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Evolution of cameras to mirrorless revolution

Evolution of cameras to mirrorless revolution

A lot of us remained present during the transition from film to digital as innovations in camera technology. For two decades, we saw growth in the right direction. Meanwhile, companies have seen setbacks in the megapixel race. Others have also contributed more than their fair share of new advancements. As a way to show you the evolution of cameras, let’s go on a reminiscing journey that allowed the mirrorless revolution. 

Evolution of cameras to mirrorless revolution

Olympus E-510 (EVOLT E-510) introduces the new feature of stabilization.

On March 5, 2007, Olympus unveiled the new E-510 (EVOLT E-510). It offers rather more traditional styling than some of the past EVOLT lines. However, the two don’t share identical bodies. The E-510 has a few millimeters wider and offers a significant deeper handgrip, adding to the camera’s thickness. It also offers a more comfortable hand-holding. 

The E-510 uses a fixed eye-level pentamirror with a 95% field of viLCD diLCDns a high-resolution 2.5” wide-view LCD with a 230,000-pixel resolution. Back then, digital camera technology jumps in leaps and bounds as each manufacturer would try and outdo the other. With the megapixel race, this camera made a new feature of stabilization that caught the photography industry. 

The camera couples its ten effective megapixels N-MOS image sensor with the same Four Thirds lens mount used in previous E-series digital SLRs. It also has two modes that basically act as the camera’s metering system for predominantly or dark subjects. It also housed a new processor, offering a one-stop reduction in image noise over past variants at higher ISO sensitivities. Today’s new EVOLTs remain the first cameras to include the technology. 

Kodak LS443 introduces OLED rear LCD for a high-quality screen.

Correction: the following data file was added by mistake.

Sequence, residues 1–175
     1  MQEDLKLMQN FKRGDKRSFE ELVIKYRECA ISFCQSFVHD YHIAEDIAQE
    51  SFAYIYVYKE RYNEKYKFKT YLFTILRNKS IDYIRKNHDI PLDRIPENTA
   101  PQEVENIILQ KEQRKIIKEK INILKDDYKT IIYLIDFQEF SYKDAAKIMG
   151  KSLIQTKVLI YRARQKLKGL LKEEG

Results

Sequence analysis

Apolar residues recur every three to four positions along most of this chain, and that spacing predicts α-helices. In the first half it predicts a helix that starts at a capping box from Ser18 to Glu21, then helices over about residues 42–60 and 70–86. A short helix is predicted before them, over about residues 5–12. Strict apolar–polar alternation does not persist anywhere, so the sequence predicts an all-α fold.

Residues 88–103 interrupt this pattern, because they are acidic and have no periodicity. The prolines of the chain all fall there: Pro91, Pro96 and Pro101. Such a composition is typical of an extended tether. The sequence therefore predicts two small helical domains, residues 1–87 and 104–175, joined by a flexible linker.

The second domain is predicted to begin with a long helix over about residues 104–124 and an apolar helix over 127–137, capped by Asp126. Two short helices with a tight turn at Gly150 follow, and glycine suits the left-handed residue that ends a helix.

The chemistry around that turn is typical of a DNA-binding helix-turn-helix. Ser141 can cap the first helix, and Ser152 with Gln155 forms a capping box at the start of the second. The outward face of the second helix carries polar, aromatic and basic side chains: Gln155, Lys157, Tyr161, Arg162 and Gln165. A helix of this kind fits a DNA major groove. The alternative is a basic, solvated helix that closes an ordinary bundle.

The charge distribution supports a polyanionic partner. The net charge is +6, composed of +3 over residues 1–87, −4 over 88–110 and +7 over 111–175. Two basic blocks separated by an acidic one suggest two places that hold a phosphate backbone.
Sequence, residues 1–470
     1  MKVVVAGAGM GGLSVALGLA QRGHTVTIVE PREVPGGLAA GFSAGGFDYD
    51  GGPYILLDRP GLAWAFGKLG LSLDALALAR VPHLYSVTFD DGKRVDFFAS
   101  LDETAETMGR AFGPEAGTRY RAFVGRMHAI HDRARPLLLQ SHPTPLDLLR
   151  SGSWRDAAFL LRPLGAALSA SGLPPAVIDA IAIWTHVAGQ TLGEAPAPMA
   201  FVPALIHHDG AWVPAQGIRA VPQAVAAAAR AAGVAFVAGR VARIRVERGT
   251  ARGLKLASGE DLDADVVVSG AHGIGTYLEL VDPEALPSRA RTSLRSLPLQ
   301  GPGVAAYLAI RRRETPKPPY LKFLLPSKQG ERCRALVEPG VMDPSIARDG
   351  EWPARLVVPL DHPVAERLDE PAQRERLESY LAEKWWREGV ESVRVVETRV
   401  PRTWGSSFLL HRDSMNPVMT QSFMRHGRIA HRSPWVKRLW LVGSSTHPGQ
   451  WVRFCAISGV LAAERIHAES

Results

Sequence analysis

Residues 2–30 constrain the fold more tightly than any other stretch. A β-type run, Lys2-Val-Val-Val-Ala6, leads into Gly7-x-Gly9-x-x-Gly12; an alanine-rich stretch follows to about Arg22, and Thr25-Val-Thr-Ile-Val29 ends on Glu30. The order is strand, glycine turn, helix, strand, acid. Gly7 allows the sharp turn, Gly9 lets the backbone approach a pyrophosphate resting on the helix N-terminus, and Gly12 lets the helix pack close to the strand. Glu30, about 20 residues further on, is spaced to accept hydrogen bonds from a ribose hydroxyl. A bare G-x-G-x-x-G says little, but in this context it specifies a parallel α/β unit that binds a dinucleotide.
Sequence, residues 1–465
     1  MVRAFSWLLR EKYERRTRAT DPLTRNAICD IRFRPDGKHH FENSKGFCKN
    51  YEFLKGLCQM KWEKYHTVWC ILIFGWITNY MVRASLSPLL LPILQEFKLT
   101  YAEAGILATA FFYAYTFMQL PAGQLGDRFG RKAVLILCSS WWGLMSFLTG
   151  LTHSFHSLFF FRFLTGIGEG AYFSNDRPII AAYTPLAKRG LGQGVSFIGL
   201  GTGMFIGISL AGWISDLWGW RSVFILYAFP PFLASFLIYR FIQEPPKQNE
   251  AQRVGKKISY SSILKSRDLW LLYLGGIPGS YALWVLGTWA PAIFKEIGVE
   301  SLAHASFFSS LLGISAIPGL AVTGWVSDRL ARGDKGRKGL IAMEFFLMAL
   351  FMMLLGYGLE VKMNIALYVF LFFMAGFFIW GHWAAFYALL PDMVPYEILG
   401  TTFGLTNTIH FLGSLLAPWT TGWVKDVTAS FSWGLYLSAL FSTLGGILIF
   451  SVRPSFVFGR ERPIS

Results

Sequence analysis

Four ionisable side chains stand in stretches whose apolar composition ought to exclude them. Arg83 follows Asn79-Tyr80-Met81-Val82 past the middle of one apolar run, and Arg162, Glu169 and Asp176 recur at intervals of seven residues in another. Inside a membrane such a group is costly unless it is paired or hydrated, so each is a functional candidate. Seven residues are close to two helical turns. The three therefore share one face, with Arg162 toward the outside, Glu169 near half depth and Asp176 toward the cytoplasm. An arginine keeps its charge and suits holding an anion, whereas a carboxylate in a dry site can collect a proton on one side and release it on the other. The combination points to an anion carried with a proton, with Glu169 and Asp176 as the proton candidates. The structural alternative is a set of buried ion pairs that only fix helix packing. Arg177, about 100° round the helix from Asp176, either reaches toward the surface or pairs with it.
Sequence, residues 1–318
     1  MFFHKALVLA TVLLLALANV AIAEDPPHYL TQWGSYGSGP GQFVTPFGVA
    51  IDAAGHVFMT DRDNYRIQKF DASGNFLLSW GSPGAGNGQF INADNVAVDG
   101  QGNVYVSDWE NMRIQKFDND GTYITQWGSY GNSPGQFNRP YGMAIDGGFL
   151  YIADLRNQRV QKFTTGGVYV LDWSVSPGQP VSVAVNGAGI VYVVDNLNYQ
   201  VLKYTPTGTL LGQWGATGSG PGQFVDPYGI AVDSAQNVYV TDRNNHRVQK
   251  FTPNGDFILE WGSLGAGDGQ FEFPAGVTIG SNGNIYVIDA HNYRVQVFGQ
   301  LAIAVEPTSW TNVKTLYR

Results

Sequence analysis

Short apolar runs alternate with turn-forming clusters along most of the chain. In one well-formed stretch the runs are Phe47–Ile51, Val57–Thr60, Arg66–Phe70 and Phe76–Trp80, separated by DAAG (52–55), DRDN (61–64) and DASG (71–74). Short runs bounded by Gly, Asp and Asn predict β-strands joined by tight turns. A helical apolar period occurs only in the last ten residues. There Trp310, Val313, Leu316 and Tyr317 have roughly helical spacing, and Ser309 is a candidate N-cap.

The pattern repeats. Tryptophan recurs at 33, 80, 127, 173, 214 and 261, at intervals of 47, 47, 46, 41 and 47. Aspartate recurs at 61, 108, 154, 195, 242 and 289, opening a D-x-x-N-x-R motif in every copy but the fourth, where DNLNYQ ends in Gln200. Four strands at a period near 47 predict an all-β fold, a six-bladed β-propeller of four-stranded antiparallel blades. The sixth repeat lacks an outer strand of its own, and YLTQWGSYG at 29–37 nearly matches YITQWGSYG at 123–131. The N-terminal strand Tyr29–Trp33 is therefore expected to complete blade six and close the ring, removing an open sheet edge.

Boasting a handful of manual controls and a 4.0-megapixel CCD, the Kodak EasyShare LS442 expands the capabilities of the brand’s line of exceptionally user-friendly digital cameras. It remains quite compact as the metal and plastic body keeps it durable and rugged. A retractable lens keeps the front panel relatively flat and has the protection of a shutter-like lens cover that automatically protects the lens when the user turns off the camera. The camera captures high-resolution and print-quality images. 

The camera’s autofocus mechanism also uses a Multi-Zone mode, brackets highlight the AF area in the LCD LCDanwhile, Center-Zone simply focuses on the center of the frame. A Landscape shooting mode fixes focus at infinity, for distant subjects and scenery. For composing images, the LS443 offers a real image optical viewfinder, as well as a 1.8-inch color LCD monitor. Framing with the optical viewfinder was a little tight, but the LCD monitor was about 99 percent accurate, which well meets my expectations.

This camera also introduces an OLED rear LCD. This technology finds its way into other industries, bringing the tech to its consumer-grade 4MP camera. The flexibility becomes a self-emitting light source rather than relying on a separate external light source to display the image. Meanwhile, it never catches on rear screens due to high costs. The innovation also shaped the way we can see through electronic viewfinders in current models. 

Nikon’s Coolpix 5700 introduces the race in optical zoom.